Katrina Jones

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since Jun 11, 2014
Boise, ID
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Recent posts by Katrina Jones

Here is a trick I read about enlisting help from the squirrels for harvesting. Place a few 5-gallon buckets filled with sawdust around the hazelnut shrubs/trees. The squirrels know which ones are good and harvest them. They will (hopefully) be inclined to bury them in the buckets of sawdust. You can then collect them for yourself, but be nice and leave some ears of non-GMO corn for them in the sawdust. I will be planting my hazelnuts next spring and will try this method. Let me know if it works for any of you.
4 years ago
Thanks for replying, Bryant. We have an extensive plant list of both fibrous and taprooted plants that we will use for soil stabilization. At the midpoint of the property a well was sunk and the gravelly sand continues for 75 feet down at that point. We will be making MASSIVE amounts of compost this year that we will have ready for use by spring. An agricultural structure consisting of a kitchen and root cellar with a Friendly Aquaponics greenhouse on top will be constructed this fall and winter into a section of the hillside. As the structure is being finished and covered with soil is when I feel the terracing or tree wells should be done (the orchard is directly upslope and adjacent to the structure), so I want to have the earthworks plan in place ASAP so that can be figured into the construction budget. Initially (if we do terraces), I'm thinking of having the terraces about 15 feet deep to allow for ease of movement around the trees. However, I see distinct advantages to maintaining the slope and excavating tree wells (about 15 feet in diameter) into the hillside which, of course, would be supported with retention walls. We would be able to set up sprinklers at the tops of the wells (essentially on top of the retaining walls) that would be set to water in a 270 degree arc along the slope and a tree well upslope from it. However, when frosts are an issue during bloom time, we could set the sprinklers to spray the tree tops of the trees downslope from them to prevent frost damage. We would also be able to dig a little deeper to fill the bottom of the tree wells with lots of incorporated compost, azomite, etc. and would be able to mulch heavily and have a suitable underplanting for the trees that we could fence off from the poultry. The slope would be planted with a poultry forage blend for the chickens and geese and we could control if or when the birds have access to the tree wells for pest control. Also, another reason to maintain as much of the slope as possible, the slope is south-facing and the angle is perfect to maximize the absorption of warmth from the winter sun. What do you think? By the way, Boise gets about 11 inches of rain a year.

What are these switch-backed paths you mentioned?
4 years ago
I am working on a piece of property that has some unique challenges as well as advantages. The advantages include south-facing slope at just the right angle to take full advantage of the winter sun, well water, it's situated on the lower half of a hill, cold air moves off the property easily, and it has good drainage (too good, actually). The disadvantages include no cation exchange capacity (we'll be making massive amounts of compost), sandy/gravelly soil that goes down at least 75 feet, little rain (~11"/year), no water retention, and a steep slope (the property is 2/3 of an acre and has an elevation change of 32 feet from the top of the property to the bottom with the top half being the steepest). The top 1/3 is intended for orchard and poultry and it seems that terracing would be the best option to make the land workable, to retain water, to add organic matter, to prevent frost pockets, etc. But how stable would it be, particularly if we had a sizeable water event (I'm from Seattle, so this is relative in relation to the Boise area) or an earthquake, which is very infrequent but inevitable (the last one was in 1983). Also, how could we help minimize the damage from the hilltop above the property sliding down to this property (trees, shrubs, and herbaceous plants with taproots and fibrous roots planted along the top border come to mind). Would I need to terrace the entire area or just create terraced wells where the fruit trees are planted? Any ideas would be greatly appreciated.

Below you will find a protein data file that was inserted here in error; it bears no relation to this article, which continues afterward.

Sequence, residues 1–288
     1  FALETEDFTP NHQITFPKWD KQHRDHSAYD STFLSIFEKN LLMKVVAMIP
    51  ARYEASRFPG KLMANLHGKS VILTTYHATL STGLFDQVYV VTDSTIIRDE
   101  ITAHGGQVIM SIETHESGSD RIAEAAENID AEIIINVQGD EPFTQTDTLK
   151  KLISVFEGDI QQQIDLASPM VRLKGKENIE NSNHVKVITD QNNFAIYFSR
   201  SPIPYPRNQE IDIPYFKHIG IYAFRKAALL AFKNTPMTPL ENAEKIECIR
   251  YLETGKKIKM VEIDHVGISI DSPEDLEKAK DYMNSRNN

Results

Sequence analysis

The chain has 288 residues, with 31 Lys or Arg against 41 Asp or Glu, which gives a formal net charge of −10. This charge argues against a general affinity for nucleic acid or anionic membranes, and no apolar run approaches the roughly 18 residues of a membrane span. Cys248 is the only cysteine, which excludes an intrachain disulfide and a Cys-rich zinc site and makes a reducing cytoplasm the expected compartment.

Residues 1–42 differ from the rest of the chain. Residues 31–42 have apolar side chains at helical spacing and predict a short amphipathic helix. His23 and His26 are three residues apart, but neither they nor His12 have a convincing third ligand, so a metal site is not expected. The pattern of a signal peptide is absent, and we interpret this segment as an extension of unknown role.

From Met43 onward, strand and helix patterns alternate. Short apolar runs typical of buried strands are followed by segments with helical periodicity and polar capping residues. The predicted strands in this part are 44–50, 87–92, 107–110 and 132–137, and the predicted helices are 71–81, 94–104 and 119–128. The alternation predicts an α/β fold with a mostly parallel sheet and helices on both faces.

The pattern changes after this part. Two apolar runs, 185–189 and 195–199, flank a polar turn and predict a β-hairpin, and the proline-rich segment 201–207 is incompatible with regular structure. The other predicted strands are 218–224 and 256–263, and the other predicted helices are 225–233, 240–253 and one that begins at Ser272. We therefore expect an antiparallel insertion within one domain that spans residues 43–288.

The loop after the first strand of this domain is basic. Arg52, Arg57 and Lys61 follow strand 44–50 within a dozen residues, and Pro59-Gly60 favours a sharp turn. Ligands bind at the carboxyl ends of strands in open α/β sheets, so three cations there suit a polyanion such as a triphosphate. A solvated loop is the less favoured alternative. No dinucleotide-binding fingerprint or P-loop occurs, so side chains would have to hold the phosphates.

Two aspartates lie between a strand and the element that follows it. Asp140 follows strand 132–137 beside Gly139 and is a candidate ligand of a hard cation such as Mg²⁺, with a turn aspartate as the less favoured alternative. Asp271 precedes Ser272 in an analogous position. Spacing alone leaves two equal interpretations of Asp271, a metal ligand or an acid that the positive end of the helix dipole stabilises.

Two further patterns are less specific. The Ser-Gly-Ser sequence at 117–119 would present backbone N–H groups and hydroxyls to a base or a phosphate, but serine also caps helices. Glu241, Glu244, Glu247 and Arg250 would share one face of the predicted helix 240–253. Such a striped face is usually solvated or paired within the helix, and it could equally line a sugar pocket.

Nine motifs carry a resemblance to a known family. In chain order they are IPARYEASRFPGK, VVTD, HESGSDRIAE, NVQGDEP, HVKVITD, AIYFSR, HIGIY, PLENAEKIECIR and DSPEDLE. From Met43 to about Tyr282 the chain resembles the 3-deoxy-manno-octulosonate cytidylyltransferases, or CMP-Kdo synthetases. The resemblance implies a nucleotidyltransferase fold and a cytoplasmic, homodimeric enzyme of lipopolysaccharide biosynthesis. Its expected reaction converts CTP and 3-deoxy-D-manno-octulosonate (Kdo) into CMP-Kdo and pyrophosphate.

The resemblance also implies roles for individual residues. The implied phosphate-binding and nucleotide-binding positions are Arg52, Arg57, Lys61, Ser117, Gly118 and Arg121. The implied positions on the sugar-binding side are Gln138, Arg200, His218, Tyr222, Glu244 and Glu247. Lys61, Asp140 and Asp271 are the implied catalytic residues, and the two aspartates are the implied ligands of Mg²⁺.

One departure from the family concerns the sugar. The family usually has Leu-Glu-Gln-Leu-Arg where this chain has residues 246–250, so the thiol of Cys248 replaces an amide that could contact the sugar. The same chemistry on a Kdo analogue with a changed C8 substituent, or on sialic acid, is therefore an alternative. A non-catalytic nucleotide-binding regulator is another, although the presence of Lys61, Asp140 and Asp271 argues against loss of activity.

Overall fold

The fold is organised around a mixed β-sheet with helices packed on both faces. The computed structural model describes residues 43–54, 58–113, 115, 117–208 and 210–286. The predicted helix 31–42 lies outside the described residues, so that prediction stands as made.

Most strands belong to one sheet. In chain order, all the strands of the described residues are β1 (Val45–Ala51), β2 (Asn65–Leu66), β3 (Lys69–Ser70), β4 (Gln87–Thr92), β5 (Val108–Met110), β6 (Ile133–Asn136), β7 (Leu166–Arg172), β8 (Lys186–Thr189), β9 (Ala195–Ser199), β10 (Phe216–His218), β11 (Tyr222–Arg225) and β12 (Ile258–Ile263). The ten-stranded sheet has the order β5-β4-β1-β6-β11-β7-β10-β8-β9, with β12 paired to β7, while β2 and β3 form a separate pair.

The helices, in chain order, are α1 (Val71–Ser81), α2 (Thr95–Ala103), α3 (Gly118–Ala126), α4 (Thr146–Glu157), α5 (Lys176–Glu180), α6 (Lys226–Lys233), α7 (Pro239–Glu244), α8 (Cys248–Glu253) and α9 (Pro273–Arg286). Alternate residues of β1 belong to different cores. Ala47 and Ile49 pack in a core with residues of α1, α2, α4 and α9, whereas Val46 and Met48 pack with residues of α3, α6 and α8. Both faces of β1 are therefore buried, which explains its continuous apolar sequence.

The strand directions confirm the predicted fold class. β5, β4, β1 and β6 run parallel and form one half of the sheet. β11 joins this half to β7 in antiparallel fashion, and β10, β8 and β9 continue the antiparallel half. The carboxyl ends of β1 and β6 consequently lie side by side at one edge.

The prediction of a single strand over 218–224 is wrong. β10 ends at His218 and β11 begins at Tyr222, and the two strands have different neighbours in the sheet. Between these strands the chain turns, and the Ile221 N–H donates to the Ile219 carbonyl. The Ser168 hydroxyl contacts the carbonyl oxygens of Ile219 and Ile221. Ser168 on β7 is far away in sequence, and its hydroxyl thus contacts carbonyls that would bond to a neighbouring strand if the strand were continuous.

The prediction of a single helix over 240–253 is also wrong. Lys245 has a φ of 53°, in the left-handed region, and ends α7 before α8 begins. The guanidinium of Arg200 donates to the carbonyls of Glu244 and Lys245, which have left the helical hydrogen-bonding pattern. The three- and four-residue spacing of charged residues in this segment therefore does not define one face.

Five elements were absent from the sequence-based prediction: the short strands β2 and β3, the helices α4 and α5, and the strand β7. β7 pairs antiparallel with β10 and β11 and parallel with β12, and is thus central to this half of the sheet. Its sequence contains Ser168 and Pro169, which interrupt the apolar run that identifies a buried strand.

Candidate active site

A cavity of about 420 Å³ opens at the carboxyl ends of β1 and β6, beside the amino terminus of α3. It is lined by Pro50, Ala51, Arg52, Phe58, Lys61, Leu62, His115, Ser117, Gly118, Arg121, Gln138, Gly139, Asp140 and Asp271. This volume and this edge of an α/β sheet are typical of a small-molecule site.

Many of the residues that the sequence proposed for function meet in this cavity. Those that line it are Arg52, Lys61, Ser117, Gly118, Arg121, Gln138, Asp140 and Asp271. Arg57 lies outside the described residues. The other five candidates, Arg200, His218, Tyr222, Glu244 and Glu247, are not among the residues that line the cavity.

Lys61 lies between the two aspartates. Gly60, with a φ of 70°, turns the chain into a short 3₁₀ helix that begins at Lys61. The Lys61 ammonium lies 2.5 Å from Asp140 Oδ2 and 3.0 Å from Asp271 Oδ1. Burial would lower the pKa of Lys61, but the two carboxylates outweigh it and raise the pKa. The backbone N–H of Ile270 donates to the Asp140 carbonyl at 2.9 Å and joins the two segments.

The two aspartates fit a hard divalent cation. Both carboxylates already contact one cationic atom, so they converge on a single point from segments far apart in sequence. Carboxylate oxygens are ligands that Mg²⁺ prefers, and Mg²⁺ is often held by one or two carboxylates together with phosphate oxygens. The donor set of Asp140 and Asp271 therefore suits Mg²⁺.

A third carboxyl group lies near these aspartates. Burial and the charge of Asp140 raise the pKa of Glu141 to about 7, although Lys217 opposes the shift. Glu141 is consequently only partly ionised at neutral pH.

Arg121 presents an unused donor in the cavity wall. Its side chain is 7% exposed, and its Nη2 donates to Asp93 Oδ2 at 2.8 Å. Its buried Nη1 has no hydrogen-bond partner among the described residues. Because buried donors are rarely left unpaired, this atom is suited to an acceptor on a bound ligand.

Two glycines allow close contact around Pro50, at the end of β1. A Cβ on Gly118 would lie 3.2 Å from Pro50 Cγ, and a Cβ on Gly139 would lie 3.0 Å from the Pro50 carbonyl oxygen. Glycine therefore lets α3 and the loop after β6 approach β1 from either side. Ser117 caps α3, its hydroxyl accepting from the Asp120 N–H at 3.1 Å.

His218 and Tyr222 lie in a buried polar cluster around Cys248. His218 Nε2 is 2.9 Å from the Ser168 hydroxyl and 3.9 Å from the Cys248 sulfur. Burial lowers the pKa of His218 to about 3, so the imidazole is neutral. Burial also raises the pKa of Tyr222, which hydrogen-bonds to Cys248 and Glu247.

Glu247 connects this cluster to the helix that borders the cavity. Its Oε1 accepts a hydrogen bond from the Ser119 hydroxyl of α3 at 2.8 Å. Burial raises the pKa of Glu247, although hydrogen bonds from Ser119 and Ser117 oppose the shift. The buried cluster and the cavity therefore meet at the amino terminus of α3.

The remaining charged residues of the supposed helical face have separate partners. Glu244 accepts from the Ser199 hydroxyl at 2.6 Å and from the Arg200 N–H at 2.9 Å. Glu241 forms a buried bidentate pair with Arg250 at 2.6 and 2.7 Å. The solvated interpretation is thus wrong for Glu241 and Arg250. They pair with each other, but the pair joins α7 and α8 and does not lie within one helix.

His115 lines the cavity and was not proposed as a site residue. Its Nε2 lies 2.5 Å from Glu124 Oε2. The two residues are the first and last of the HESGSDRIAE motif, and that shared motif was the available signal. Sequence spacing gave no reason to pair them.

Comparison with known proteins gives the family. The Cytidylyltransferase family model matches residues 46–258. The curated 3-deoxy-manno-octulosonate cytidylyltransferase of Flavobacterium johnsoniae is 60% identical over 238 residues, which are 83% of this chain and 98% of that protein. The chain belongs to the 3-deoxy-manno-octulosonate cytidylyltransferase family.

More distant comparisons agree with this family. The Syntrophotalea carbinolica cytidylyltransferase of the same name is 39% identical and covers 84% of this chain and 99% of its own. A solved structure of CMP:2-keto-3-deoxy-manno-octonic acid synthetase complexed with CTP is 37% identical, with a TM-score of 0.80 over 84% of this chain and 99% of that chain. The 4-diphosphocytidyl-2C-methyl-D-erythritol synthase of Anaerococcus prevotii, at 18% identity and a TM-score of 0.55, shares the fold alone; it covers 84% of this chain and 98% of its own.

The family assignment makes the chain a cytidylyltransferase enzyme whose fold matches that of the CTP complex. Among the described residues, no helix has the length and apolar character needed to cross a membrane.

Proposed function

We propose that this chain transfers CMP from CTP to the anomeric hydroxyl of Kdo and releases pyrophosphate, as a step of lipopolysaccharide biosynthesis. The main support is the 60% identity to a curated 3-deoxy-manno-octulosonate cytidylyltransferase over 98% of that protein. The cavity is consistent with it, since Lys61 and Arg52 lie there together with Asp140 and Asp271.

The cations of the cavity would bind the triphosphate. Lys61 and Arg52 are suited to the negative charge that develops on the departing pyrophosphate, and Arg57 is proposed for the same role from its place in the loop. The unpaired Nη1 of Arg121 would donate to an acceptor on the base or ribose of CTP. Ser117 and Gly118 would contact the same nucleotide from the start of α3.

4 years ago
Hi Heidi,

I am planning on taking Geoff Lawton's online PDC next spring. I purchased most of his videos a couple of years ago, before he started his online PDC. Just go to www.ecofilms.au to order the videos. FYI...most of the videos are in PAL format which our DVD players can't read, but they can be played on an Xbox. Hope this helps.
I don't have any recommendations regarding Amazon, but you could try selling them through organic nurseries, such as our North End Organic Nursery in Boise, Idaho and even prepper stores (preppers tend to be very aware of permaculture). The cards are more of an impulse item rather than something people would go looking for, so I think you should consider other avenues of marketing. You would be selling then wholesale, but you would be moving a higher quantity, I think. Hope this helps. By the way, I love the cards!
Hi Arthur! Thank you for the detailed information regarding Common Comfrey. I have found other information from an excellent website that summarizes the issue this way...Comfrey Rule: fresh leaves externally, boiled root decoction internally. The following link leads to the entire article.

http://www.doctoryourself.com/comfrey_herb.html
5 years ago